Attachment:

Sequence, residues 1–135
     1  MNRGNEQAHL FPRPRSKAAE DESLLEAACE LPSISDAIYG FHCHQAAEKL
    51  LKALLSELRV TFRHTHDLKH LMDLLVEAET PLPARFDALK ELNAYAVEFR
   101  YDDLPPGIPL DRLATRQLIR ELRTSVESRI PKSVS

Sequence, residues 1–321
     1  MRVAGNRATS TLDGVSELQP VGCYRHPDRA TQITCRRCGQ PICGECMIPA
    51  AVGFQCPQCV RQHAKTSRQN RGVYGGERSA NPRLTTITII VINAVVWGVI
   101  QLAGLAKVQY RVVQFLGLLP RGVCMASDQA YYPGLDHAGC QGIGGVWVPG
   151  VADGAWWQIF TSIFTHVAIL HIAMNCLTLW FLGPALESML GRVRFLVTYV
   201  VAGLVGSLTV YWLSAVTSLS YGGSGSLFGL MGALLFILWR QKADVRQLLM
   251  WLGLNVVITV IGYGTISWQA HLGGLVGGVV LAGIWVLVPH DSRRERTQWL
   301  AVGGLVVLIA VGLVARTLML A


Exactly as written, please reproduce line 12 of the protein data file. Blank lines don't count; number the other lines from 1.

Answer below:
   301  AVGGLVVLIA VGLVARTLML A